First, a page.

Her many friendships, forged over time, continue to this day. Thakore describes herself as a loyal friend, someone who never forgets people. “Protima passed away 23 years ago. But she is still very much a part of my life through her daughter, sisters and their children. They have a family group, and I am included in that,” she adds.
Regrets, None has some interesting parallel narratives, where the personal and the sociopolitical intersect. She writes about growing up in Jawaharlal Nehru’s India, being a newscaster during the Emergency (1975-77) , and more. One can almost trace the evolution of Bombay’s cultural scene through the pages, with people like Gerson da Cunha, Bal Mundkur, Shyam Benegal, Lalita and Yashwant Das and polymath Adi Marzban populating the memoir. “I have been very much a part of the scene anywhere, whether Hyderabad or Mumbai,” she says.
Having lived through Partition, Thakore has remained politically aware. It has informed her debates, influenced her choice of plays, newscasting and encounters through the years. “Religion didn’t play any part in my life. But politics certainly did. And that impacted the kind of theatre I did,” she says. Whether it was Arun Sachdev in Delhi or Zubin Driver in Mumbai, she worked with directors who were very aware of an emerging society. “Alyque’s theatre was very conscious too. He adapted Julius Caesar to the Emergency, with Usha Katrak playing Indira Gandhi,” she says.
When she was directed by her son, Quasar, in All My Sons in 2001, Thakore realised just how much the approach to theatre had changed. During the 1980s, people had 9-to-5 jobs and were free to pursue their interest in theatre or music. Post- 9pm, they had a social life. “When Quasar’s generation started to do theatre, work didn’t finish at 5pm. As a result, rehearsals started much later, by 8.30pm. There were all sorts of workshops and exercises, which we didn’t have in our days. We read and re-read the play, analysed the character to get to know every motivation,” she says. Actors would arrive for rehearsal and immediately get into limbering and voice exercises. “And I would say, let’s just get into the play! It was a great emotional clash,” she says.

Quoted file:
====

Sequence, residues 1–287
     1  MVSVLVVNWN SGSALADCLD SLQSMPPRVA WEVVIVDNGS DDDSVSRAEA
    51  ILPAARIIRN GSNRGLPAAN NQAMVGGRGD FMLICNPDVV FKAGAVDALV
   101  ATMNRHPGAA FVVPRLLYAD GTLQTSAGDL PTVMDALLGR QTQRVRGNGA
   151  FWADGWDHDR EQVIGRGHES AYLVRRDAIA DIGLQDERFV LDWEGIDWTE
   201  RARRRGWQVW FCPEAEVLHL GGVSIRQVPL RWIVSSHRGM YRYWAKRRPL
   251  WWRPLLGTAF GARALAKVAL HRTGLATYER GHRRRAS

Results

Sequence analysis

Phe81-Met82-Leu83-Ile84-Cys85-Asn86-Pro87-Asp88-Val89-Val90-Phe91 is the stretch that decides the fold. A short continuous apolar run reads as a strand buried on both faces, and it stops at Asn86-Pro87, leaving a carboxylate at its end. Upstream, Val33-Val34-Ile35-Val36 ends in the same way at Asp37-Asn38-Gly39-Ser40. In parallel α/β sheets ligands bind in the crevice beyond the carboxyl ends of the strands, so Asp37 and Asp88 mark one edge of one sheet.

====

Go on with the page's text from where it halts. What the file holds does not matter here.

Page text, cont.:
What has stayed constant through the years is her love for theatre with a social cause. That was evident in the last few plays she performed with Padamsee, namely A Streetcar Named Desire and Death Of A Salesman, or Eve Ensler’s The Vagina Monologues, which she has been doing for almost 20 years. “We have never talked about menstruation or delivery in public. Eve brings out those aspects beautifully, and it is refreshingly mind-blowing. During the pandemic, we have had Zoom readings. And now, I have acted in my first ever Zoom play, Turning Point, written by Meher Pestonji, about a paraplegic and his mother. I am a techno dumbo and I am not embarrassed to say it. But my domestic help, who doesn’t know how to read or write, is so brilliant with technology, and he comes to my aid. I am doing this at 78 bloody years of age, and it’s great” laughs Thakore.
The same humour and irreverence peppers her memoir. As she writes, “This is my life, warts and all (a phrase I first heard from the late Richard Attenborough).”
Regrets, None, by Dolly Thakore and Arghya Lahiri, has been published by HarperCollins. It is priced at ₹599.